Goats-rue is an herbaceous perennial in the legume family (Fabaceae). Each plant tends to form a crown and ranges 2-6 feet tall. A plant may have 20 stems and a deep taproot. The first seedling leaves are large, oval, and dark green. Mature leaves are alternate, odd-pinnate with six to ten pairs of leaflets. Each leaflet has a small hair-like projection on its tip. The stems are hollow cylindrical, and tubular. The stipule (leaf-like appendage at the base of the leaf
stem) is sagittate (arrow shaped) and toothed and lobed. The white and bluish to purplish pea-like blossoms
are borne in terminal or axially racemes. Flowering begins in June and continues until frost in the fall. Each
blossom produces a straight, narrow, smooth pod, which points outward and is angled slightly upward from
the stem. There are 1- 9 seeds per pod and there may be upwards of 15,000 pods per plant. Goats-rue seeds
are bean-shaped, dull yellow in color, and about 2 1/2 times larger that alfalfa seeds. Seeds drop to the ground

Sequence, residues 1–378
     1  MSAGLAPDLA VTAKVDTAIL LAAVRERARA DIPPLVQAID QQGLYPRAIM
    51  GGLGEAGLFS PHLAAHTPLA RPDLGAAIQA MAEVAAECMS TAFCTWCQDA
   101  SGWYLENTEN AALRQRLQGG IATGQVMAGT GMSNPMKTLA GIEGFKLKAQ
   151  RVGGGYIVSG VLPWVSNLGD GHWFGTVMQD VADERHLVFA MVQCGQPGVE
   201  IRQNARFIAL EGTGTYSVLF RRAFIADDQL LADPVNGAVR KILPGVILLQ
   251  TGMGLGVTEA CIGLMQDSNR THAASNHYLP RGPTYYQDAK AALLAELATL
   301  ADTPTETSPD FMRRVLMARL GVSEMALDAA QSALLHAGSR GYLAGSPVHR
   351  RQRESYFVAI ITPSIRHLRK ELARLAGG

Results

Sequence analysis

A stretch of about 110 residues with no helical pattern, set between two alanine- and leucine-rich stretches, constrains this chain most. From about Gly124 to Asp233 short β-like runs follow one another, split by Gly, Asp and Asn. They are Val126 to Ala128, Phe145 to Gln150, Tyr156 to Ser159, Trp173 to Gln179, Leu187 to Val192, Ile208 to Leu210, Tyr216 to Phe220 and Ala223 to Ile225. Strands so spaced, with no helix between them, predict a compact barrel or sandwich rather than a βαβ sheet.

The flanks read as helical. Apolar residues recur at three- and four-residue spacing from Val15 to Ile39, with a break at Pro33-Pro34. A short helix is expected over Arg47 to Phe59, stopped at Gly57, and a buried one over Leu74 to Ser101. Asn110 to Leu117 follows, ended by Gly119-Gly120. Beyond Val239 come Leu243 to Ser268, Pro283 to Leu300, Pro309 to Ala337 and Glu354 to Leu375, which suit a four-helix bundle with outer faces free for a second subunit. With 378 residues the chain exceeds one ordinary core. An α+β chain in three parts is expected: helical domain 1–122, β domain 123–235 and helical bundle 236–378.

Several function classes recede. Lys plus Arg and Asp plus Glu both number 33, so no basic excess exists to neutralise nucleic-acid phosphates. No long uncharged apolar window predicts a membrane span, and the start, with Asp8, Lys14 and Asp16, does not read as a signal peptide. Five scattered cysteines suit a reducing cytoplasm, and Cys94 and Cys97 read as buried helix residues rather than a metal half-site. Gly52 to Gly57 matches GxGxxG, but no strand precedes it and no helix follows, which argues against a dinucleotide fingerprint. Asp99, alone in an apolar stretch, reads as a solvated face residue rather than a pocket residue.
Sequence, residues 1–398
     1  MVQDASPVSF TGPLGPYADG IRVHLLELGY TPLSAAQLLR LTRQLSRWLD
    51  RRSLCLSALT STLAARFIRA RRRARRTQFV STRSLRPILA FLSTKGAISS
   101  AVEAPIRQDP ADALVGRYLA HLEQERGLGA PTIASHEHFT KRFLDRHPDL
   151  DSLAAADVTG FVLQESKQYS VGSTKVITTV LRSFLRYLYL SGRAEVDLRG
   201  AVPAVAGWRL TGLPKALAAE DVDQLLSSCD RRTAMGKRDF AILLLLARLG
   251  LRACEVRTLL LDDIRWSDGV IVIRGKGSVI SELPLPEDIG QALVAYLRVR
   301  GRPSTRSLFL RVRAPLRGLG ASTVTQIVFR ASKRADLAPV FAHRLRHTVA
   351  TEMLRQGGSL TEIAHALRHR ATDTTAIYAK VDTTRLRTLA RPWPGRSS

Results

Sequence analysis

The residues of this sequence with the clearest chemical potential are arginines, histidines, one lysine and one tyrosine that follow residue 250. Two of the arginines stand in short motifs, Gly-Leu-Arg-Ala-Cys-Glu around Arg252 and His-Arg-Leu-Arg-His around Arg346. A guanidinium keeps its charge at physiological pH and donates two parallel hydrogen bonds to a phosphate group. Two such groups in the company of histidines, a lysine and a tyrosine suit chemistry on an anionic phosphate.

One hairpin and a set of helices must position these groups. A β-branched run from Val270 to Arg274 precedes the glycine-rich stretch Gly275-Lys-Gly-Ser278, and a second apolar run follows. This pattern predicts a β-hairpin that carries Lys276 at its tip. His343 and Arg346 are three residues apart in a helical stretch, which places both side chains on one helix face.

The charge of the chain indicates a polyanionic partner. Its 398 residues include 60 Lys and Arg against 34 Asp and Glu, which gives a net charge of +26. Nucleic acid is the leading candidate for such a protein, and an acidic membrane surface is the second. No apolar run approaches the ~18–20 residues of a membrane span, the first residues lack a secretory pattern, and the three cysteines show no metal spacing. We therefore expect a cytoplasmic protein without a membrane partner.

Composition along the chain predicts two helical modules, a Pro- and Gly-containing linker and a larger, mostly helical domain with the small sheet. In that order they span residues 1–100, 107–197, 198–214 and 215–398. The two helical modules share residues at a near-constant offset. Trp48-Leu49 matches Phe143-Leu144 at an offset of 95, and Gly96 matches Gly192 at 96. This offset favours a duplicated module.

when mature and may be spread by water, equipment, or animal manures. Goats-rue seed typically remain
dormant until scarified and may remain viable for ten years. Goat’s-rue thrives in marshy fields, meadows, woodlands, sunny forest edges, semishaded fields and along roadsides and stream banks. The plant prefers light (sandy), medium (loamy) and heavy (clay) soils and can grow in nutritionally poor soil. The plant prefers moist soils that are acid, neutral or basic (alkaline). It prefers full sun, but will tolerate light shade.
Invasive Plants of the Eastern United States, http://www.invasive.org/eastern/other/goatsrue.html (accessed January 26, 2017).